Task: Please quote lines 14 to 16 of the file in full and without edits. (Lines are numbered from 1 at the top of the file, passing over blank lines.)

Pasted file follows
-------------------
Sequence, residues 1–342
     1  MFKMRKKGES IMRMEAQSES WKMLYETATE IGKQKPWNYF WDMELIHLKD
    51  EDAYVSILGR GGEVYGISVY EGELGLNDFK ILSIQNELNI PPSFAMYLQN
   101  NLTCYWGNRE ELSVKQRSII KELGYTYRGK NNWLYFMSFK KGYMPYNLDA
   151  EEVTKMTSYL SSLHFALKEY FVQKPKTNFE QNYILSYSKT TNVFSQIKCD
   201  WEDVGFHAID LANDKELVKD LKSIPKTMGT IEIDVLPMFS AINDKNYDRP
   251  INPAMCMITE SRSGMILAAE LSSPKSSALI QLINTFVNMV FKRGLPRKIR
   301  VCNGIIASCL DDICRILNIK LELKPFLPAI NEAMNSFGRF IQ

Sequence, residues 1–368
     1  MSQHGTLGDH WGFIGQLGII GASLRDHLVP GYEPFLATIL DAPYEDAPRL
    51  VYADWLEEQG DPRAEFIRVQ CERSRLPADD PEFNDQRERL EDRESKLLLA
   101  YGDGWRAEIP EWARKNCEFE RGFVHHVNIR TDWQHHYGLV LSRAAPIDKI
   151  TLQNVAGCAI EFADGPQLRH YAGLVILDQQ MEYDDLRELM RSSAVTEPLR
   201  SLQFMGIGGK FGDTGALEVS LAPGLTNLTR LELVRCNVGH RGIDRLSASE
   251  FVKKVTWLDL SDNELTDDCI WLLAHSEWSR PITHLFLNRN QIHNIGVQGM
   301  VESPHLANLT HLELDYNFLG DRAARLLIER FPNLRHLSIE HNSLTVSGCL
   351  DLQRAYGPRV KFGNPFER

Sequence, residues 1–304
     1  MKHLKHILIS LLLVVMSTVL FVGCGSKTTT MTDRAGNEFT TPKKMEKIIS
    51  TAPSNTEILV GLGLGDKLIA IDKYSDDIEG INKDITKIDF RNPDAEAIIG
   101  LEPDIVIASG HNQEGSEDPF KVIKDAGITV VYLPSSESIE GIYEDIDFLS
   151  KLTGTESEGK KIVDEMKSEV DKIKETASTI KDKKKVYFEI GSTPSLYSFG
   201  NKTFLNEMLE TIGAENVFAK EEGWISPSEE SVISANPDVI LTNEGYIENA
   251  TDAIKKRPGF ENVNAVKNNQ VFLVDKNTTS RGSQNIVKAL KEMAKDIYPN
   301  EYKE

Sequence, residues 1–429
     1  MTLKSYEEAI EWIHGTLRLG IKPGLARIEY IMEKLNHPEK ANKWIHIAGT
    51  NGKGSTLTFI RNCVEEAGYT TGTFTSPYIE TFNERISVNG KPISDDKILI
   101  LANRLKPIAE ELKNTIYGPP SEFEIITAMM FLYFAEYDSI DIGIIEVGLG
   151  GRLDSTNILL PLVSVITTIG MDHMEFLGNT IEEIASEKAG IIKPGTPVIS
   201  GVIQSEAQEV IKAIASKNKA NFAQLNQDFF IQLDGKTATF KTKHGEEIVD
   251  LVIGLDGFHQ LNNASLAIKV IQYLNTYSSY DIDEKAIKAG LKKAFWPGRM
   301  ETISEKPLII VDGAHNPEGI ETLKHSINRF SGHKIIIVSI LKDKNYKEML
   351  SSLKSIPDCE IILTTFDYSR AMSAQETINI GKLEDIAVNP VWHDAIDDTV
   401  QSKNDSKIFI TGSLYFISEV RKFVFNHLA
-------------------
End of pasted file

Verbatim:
   201  SLQFMGIGGK FGDTGALEVS LAPGLTNLTR LELVRCNVGH RGIDRLSASE
   251  FVKKVTWLDL SDNELTDDCI WLLAHSEWSR PITHLFLNRN QIHNIGVQGM
   301  VESPHLANLT HLELDYNFLG DRAARLLIER FPNLRHLSIE HNSLTVSGCL